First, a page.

• Adjust to the new environment without the dog (Even though a new dog may be brought into the family, the new animal is never a true replacement for the old.)
  • Move on to a new place of peace where the sadness is no longer incapacitating and the animal can be remembered in a positive light.

Helping Your Child Cope

The biggest thing you can do for your child is to let him or her know that it's okay to feel what he or she is feeling. Help the child to identify the feelings being experienced, whether they are going through sadness, depression, anger, or a combination.

Let your child know it's okay to come to you whenever these feelings surface, as they will again and again. Sometimes, sad feelings pop up when we least expect them. And sometimes, happy feelings will pop up in the midst of the sadness, when the child remembers the way the dog licked his or her face or the way the animal would dance on his hind feet at mealtime.

Children can be embarrassed about laughing at their memories of the dog when everyone around them is saddened by the loss. Let your child know that it's okay to remember the good times, even through the sadness. If the child cannot think of any of the good times, find ways to give him or her little reminders of happier times. Hang a photo of your dog in the child's room or give him or her a small reminder of the dog to carry around in a pocket.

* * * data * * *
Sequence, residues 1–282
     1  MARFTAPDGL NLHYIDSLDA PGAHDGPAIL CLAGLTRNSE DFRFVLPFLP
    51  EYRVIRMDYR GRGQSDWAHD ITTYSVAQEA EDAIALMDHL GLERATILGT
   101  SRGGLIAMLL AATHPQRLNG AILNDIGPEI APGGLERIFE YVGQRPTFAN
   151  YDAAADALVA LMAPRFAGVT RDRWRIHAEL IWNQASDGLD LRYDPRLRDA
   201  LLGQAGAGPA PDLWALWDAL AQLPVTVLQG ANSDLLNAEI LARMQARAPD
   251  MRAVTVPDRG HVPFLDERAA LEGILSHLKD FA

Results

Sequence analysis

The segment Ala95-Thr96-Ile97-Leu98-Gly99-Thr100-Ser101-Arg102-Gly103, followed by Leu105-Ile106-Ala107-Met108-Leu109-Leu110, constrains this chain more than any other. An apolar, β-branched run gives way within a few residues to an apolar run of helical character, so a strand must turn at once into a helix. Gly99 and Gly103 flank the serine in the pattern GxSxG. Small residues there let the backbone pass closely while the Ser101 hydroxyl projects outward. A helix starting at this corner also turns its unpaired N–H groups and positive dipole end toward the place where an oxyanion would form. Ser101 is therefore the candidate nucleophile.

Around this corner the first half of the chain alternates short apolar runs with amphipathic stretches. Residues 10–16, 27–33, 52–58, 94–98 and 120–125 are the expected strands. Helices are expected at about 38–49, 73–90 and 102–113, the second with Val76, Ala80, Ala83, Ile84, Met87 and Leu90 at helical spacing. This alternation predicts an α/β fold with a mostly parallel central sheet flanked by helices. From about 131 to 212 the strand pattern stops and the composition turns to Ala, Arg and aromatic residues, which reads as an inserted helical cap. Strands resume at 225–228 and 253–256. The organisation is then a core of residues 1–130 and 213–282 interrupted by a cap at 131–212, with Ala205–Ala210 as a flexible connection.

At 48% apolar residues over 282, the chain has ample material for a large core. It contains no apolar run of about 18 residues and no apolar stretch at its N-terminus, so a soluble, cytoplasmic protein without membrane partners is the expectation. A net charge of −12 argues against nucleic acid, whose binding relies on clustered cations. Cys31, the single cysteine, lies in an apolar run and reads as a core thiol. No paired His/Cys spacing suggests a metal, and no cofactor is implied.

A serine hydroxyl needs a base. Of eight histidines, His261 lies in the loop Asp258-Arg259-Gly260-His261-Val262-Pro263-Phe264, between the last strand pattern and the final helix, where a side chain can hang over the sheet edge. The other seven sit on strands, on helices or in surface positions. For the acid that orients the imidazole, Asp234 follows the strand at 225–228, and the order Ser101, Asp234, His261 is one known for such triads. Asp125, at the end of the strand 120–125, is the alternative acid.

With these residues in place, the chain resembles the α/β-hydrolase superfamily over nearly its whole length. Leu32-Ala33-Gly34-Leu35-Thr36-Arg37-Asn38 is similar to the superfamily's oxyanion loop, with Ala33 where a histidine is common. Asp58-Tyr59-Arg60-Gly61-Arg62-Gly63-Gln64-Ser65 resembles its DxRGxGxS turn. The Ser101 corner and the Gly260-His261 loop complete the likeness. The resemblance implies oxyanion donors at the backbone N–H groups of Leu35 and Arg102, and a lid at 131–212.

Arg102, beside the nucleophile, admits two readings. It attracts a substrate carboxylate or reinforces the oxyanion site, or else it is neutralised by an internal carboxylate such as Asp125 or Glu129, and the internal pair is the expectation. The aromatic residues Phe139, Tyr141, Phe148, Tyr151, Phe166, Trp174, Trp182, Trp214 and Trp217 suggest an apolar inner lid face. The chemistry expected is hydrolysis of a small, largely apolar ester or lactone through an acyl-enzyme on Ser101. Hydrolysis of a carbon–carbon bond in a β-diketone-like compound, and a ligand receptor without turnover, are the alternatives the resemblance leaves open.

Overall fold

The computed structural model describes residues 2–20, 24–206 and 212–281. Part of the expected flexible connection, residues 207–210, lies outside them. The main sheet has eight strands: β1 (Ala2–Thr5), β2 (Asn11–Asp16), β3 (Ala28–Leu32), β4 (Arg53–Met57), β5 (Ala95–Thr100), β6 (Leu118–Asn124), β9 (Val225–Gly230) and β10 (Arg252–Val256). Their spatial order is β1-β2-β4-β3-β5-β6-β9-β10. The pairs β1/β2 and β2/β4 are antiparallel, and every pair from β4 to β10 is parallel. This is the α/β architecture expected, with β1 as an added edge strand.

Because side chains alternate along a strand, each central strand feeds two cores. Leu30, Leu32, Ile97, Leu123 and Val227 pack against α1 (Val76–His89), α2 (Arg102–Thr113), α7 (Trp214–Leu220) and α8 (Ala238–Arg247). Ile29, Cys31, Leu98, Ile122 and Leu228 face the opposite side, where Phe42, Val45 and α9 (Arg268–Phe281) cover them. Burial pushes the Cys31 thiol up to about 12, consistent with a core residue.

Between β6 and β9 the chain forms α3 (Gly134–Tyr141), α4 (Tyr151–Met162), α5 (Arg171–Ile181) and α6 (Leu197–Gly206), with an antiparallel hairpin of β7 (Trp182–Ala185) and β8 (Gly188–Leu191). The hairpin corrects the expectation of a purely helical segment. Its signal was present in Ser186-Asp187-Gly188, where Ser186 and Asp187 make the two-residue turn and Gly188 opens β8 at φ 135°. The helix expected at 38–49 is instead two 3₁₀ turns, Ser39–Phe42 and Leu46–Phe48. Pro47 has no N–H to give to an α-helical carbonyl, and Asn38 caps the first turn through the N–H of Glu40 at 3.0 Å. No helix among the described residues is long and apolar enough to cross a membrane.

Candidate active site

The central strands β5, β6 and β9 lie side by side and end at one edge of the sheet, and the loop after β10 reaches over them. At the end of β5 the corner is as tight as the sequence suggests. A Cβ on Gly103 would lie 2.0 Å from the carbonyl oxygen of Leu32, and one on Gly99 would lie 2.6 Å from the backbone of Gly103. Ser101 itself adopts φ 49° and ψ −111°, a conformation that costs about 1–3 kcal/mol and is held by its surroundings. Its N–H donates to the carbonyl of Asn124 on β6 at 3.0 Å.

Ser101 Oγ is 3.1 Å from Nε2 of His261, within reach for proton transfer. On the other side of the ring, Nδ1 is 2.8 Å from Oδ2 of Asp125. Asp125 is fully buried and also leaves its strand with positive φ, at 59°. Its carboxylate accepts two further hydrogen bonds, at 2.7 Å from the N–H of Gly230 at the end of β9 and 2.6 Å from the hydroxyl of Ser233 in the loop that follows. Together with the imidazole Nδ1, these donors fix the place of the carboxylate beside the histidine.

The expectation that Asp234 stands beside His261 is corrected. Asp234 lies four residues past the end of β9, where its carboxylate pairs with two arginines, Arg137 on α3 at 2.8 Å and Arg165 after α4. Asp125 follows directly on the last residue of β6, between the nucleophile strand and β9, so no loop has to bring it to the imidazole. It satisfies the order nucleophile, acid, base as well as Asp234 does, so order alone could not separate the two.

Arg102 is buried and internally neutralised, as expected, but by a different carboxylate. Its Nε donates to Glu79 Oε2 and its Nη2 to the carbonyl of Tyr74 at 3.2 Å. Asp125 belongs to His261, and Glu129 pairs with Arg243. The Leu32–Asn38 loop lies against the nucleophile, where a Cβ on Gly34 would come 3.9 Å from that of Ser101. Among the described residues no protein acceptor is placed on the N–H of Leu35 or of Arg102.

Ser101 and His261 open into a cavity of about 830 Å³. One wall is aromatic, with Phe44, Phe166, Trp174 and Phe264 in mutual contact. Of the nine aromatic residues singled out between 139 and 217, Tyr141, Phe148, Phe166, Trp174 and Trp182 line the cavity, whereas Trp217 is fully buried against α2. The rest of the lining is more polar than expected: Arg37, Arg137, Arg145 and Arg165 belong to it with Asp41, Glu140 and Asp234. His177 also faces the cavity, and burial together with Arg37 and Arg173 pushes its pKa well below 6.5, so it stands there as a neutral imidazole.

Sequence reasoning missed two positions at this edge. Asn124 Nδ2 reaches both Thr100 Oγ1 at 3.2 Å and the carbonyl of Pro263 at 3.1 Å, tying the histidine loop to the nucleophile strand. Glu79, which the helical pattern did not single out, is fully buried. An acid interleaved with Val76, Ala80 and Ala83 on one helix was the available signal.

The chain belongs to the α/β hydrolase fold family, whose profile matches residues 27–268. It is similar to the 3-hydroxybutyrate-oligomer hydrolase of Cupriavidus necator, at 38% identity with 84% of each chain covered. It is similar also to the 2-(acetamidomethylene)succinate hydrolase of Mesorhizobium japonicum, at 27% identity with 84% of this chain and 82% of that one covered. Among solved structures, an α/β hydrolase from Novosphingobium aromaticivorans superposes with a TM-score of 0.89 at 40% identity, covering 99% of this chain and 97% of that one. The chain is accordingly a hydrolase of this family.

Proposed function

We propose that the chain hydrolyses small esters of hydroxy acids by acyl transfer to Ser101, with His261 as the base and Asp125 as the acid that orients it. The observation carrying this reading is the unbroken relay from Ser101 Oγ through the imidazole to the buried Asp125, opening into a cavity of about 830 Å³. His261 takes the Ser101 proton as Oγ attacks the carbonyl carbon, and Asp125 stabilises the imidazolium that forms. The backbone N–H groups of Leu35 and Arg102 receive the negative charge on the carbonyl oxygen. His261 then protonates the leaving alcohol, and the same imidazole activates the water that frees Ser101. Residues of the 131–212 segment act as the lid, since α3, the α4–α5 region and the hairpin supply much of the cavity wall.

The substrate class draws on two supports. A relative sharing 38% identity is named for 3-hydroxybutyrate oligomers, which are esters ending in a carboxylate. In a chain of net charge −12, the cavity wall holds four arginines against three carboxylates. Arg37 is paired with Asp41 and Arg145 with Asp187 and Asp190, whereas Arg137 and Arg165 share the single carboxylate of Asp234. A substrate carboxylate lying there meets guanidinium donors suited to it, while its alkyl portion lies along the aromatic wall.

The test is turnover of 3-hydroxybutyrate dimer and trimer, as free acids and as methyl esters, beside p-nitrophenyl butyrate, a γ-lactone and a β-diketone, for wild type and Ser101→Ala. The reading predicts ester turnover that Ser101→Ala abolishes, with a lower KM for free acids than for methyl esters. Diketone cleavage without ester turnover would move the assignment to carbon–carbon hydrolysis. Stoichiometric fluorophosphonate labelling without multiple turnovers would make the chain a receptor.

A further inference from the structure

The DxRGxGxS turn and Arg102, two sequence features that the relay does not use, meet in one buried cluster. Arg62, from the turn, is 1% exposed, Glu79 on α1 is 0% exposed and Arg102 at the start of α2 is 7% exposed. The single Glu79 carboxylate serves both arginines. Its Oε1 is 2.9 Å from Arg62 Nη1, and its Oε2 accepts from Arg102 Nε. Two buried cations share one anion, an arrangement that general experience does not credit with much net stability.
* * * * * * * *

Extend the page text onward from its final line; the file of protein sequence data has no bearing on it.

Encourage your child to say goodbye to the dog, if not just before the dog leaves, at least soon after the loss. If the dog dies while the child is at school or away at camp, ask the child to write a letter to the dog to say goodbye. This closure can be very important in working through grief and mourning.

Help your child make a memorial to the lost dog. Whether you buy a professionally made headstone or simply place a small memorial in your back yard, give your child someplace to go to remember the dog. Even painting the dog's name and birth / death dates on a rock can provide a memorial.

Don't be afraid to celebrate the dog's birthday and even the anniversary of his or her death. Recognize that both you and your child have lost an important member of your family, and that celebrating the dog's life keeps the happy memories alive, even though the animal is no longer physically present.